2 – The defender will move to steal the ball, and when she does so, the attacker moves the ball the other way.
3 – Ideally, the defender and attacker are then close to side by side, with the ball still shielded. Now the attacker can dribble upfield at an angle to pass the defender.
Of course, the above drill only works if the defender does something she shouldn’t during match play: let an attacker get goalside. If the defender is patient and doesn’t take the bait, then the attacker will need some help from a teammate, hence the next drill.
1 – Like the shielding drill, an attacker with the ball approaches a defender. This time a second attacker runs parallel.
2 – The attacker with the ball passes to her teammate as the defender approaches, then sprints upfield.
3 – When the teammate receives the ball, she immediately passes it back to the attacker, who is now goalside of the defender.
Timing is important here. Notice in the last panel the pass is to where the teammate is running to, not where she currently is. Passing to a running teammate, and shielding from the previous drill, are skills that will improve the girls’ games, skills they will take with them as they move up to middle school play.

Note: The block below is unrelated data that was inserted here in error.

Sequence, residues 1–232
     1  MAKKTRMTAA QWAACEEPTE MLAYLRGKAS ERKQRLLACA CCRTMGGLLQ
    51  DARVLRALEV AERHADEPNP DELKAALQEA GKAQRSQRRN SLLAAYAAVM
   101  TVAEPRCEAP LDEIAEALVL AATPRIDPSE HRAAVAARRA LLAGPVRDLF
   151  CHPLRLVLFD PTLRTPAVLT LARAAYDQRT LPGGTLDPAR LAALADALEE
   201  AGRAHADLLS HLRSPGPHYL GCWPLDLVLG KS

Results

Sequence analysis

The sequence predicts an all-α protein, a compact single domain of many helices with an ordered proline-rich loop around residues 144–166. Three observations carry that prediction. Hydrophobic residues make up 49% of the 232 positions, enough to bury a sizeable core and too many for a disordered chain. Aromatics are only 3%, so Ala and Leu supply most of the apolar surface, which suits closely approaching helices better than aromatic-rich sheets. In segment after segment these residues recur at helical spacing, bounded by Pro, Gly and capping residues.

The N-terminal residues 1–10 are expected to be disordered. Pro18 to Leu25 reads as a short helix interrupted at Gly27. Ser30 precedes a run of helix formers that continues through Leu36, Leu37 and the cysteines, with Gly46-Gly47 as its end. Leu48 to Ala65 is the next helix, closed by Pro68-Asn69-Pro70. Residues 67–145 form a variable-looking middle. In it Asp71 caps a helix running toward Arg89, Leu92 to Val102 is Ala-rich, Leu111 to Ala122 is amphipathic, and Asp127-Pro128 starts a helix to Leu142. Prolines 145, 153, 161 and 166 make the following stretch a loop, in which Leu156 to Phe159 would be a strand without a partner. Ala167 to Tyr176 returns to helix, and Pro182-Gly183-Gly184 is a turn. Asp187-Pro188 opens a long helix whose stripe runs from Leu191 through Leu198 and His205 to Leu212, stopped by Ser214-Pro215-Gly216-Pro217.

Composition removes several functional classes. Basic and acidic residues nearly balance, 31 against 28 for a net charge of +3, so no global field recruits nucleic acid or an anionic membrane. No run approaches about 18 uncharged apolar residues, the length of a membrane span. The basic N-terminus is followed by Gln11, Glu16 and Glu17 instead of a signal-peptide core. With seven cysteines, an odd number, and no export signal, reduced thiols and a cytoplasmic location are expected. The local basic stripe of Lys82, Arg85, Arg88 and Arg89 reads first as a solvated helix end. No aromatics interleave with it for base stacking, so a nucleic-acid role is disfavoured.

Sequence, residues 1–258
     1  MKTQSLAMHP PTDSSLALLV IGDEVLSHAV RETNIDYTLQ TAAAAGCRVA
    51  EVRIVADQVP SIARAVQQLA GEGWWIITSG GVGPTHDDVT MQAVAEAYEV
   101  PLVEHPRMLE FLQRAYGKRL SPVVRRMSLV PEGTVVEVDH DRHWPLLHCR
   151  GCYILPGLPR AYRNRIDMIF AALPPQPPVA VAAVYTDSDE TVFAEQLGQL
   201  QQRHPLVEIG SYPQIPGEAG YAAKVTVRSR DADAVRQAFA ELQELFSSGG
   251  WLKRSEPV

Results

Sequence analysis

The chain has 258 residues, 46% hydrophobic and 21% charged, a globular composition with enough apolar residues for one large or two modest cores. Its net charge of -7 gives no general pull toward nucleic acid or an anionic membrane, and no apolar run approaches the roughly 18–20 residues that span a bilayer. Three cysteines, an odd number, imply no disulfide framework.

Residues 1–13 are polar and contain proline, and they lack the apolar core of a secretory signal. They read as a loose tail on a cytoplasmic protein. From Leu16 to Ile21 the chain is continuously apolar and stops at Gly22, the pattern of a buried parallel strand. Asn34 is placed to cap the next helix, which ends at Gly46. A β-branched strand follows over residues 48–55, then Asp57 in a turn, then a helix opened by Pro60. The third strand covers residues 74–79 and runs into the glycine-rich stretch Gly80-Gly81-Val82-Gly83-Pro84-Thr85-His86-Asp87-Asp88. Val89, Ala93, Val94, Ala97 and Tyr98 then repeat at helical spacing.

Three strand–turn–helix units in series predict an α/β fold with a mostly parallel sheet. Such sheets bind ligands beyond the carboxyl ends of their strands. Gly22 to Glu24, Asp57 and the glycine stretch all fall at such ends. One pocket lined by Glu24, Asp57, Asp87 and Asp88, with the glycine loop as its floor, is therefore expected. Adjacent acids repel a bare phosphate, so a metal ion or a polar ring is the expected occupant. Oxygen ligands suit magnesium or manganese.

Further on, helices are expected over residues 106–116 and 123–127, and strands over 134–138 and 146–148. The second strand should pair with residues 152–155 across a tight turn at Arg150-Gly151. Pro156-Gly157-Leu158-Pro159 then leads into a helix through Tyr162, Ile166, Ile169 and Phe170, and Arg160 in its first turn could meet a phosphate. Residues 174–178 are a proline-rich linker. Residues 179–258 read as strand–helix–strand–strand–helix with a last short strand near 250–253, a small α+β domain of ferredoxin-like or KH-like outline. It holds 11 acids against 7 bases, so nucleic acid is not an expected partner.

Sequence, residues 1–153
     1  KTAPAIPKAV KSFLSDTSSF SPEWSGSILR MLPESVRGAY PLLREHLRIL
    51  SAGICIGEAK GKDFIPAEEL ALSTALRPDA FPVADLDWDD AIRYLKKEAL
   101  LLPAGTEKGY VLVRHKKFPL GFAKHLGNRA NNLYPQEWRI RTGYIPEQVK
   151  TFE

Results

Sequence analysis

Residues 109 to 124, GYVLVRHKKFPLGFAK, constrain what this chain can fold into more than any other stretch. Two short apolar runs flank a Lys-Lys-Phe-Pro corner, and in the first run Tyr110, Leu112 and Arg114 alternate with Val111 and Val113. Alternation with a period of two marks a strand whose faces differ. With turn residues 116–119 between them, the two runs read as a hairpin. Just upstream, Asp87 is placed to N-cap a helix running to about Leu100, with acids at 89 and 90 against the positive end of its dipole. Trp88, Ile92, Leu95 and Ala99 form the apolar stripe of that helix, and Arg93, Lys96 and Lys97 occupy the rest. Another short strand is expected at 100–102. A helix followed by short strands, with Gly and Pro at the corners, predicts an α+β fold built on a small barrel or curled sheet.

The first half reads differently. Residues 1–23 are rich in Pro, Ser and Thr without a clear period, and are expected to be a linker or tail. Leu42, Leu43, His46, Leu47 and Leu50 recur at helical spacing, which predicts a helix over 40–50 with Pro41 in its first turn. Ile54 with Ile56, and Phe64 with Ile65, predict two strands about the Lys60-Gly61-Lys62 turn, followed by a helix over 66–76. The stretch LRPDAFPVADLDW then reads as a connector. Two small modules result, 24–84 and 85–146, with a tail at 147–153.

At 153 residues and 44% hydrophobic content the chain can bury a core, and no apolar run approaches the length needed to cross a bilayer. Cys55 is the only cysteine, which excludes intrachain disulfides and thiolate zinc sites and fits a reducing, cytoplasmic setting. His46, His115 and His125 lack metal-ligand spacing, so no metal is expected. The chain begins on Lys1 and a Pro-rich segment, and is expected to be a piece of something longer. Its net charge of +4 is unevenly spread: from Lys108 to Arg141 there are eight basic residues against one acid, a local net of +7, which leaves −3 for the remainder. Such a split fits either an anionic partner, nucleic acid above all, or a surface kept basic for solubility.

As the girls get more confident and practiced at this basic give and go play, something more realistic to match play can be introduced: a second defender. We practice two basic approaches, the defenders are split, and the defenders are concentrated. The simple strategy against split defenders is to keep them split.
1 – Two attackers run towards two defenders playing man-to-man defense. The attacker without the ball cuts over to stay between the ball and her defender.
2 – As the attacker with the ball approaches her defender, she passes to her open teammate, then sprints up field.
3 – Like the last drill, when the teammate receives the ball, she immediately passes it back to the attacker, who is now goalside of the both defenders.